If you’re a filmmaker looking for free publicity and promotion for your movie or TV Pilot or series…You can get in on this, free.

To get started, you may email me directly, BUT I suggest using the free service film freeway. My Festival is only $5 to $8 to enter. That’s cheap! The submission fees are less than 9 dollars. And in return you get access to all the resources I listed above. Free online streaming for your movie, TV show, Pilot, web series and more.

(Please note that the current Festival doesn’t have a category for Features, therefore if you’d like to have your feature streamed, simply contact me directly on Facebook or through the links on my moviesplus website.)

Also, TRAILERS AND TEASERS are FREE TO ENTER, and you may get yours immediately streamed on Android by visiting my Youtube channel, again the link is on the Movies Plus website.

To enter the Festival for FREE or for as low as $5, please visit

Cheers and good Streaming,
Dean Lachiusa
Curator, the Metro Film Festival.

How to Curate a Film Festival 101

Recently I spoke to a filmmaker regarding the amount of submissions I receive.  “…How could I possibly decide which films are right for the Metro Film Festival…How could I judge someones art?”

Well, the answer for me, and I would hope this is the answer anyone serving in my position would use is: I think you have to put your “judge” cap on.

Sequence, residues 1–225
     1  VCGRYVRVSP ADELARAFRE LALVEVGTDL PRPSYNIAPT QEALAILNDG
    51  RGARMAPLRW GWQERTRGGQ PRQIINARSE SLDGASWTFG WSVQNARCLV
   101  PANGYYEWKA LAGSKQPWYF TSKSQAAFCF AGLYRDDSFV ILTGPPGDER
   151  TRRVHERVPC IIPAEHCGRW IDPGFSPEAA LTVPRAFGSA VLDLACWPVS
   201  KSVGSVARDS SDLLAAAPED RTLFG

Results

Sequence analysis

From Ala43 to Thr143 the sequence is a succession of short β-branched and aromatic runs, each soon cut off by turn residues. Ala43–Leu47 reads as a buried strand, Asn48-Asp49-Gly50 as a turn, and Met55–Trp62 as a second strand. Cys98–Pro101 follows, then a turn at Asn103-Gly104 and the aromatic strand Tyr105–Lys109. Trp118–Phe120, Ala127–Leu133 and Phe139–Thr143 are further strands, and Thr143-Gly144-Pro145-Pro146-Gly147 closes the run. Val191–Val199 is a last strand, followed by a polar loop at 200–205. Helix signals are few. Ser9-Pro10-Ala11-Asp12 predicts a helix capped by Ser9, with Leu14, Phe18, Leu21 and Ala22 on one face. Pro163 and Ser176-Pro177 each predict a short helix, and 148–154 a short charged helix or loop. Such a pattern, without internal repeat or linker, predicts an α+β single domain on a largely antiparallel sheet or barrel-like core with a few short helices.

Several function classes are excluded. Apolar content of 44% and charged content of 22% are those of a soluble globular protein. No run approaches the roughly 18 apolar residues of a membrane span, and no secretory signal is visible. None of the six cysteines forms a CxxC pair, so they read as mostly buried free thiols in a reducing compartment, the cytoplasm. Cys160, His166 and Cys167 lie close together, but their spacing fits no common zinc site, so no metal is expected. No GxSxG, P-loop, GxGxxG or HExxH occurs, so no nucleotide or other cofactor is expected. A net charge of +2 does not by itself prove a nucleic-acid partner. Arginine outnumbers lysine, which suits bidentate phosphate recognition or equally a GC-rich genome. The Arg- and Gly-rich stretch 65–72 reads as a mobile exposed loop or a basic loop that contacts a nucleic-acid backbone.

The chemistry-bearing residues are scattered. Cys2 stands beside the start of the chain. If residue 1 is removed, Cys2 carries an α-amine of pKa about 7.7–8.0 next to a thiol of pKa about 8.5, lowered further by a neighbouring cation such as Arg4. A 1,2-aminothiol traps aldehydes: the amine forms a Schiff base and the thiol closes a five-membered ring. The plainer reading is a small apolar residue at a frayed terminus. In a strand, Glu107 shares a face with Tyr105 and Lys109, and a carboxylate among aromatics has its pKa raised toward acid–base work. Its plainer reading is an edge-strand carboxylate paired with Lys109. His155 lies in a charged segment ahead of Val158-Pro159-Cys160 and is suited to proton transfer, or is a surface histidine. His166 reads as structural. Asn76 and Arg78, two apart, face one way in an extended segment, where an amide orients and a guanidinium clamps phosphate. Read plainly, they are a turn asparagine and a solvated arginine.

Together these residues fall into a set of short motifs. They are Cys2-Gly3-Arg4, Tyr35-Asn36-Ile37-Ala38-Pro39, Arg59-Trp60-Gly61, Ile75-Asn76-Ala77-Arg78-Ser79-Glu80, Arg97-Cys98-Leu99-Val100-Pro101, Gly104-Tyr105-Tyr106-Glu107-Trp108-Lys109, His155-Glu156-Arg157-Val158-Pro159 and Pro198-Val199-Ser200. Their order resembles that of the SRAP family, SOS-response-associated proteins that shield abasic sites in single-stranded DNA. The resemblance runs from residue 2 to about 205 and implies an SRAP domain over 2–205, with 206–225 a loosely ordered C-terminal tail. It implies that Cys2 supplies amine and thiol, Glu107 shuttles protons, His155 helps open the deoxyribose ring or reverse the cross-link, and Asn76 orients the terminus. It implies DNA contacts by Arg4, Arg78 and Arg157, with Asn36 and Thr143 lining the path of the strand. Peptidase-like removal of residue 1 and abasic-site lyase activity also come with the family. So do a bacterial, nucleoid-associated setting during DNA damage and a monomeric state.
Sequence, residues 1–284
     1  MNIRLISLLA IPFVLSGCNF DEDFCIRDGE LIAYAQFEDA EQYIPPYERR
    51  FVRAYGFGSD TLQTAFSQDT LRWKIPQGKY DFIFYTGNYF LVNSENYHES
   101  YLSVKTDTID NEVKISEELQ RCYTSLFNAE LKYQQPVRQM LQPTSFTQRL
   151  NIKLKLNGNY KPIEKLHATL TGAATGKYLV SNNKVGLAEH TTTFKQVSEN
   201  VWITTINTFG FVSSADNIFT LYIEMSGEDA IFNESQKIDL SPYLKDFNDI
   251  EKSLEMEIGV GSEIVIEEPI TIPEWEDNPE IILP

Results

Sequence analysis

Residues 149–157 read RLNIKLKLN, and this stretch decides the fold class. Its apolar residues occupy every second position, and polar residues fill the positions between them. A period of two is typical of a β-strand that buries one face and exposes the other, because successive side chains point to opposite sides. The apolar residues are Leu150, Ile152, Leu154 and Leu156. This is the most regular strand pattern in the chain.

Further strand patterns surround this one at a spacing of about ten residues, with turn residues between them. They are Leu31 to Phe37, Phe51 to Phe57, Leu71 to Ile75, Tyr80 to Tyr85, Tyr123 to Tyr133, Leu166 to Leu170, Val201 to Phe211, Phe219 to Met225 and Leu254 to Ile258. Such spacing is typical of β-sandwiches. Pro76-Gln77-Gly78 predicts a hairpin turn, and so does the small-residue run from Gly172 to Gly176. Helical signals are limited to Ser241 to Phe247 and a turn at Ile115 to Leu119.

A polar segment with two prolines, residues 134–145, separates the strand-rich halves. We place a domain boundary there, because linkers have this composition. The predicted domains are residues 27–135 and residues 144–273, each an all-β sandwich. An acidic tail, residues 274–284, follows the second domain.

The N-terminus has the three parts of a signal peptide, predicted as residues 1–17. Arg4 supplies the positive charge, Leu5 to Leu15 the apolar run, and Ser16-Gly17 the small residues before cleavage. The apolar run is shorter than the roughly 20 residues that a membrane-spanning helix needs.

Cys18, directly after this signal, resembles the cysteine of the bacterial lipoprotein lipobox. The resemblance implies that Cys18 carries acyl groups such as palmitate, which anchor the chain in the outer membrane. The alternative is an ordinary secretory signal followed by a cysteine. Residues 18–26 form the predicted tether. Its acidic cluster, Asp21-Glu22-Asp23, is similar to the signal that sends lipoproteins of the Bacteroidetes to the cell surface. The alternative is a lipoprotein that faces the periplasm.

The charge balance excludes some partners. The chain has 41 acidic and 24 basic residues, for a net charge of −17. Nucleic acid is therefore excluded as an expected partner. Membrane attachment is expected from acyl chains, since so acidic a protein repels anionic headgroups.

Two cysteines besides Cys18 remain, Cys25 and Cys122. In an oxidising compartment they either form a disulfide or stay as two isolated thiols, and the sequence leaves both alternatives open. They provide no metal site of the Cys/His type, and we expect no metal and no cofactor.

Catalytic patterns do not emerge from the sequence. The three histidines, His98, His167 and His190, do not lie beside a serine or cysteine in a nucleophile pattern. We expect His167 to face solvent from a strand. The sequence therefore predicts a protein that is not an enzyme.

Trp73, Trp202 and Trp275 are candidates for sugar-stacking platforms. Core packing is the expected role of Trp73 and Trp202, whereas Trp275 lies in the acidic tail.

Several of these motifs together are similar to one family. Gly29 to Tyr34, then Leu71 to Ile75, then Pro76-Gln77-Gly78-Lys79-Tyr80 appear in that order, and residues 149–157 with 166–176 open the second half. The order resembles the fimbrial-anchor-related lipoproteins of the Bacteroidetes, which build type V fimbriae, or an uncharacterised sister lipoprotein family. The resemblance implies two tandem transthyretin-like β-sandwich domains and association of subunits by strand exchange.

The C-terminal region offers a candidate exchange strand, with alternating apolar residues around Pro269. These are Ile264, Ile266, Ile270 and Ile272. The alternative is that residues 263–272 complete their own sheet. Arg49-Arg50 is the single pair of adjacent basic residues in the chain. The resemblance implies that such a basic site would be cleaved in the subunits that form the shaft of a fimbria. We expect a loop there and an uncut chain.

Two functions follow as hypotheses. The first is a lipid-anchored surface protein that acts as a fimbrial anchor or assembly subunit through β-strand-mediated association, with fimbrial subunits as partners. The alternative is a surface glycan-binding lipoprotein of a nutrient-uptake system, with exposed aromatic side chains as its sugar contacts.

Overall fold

For me, that’s simple.  I use my greatest character flaw.  When I’m watching a film, and if I find myself judging the film…saying to myself “I like this movie…(or more importantly) I DON’T LIKE THIS STORY…” Then I know the film has compelling qualities.  I’ve engaged in the story and the characters whether I like them or not.  And this is one of many qualities that makes a movie take on a life of it’s own.

This is not the only criteria I use of course, but it’s the red-flag that helps me to determine whether I’m going to watch an entire film, or if I’m going to pass the movie on to another Festival programmer who might be interested in watching the entire film.

Another criteria is production quality.  (I like grain, but the images must be clear.)  Then there’s Genre.  (Too much gore or nude stuff can change whether Roku rates a channel as Family friendly, or Adult.)  Length.  (I tend to put videos under 15 minutes into a hour-long “Short Film Showcase.”)  Medium.  (No teasers or trailers, but Featurettes that have complete story are very welcome.)

I hope I’ve shed a little light on things, and offered up some advice for programmers and filmmakers too.

-Dean Lachiusa

PS: If you’re wondering what my background is, during Film School I operated the Media Pool Filmmakers Co-op in Phoenix, with over 200 members in 1997.  Media Pool networked Russo’s Star Theatre in Phoenix, and organizations like the local chapter of WIF (Women in Film.)  I then managed the Pan Left organization’s Tucson office until they decided I wasn’t a Communist (it’s a long story.)  I was influencial in re-launching Tucson’s AIVF chapter and it’s reformation into the IFASA – presided over by Pearry Teo.  And I spent a few seasons working for the good folks at the Arizona International Film Festival in Tucson.  My last stint in the use of actual “celluloid” ended in 2004 when I sold my Moviola flatbed editor for $300.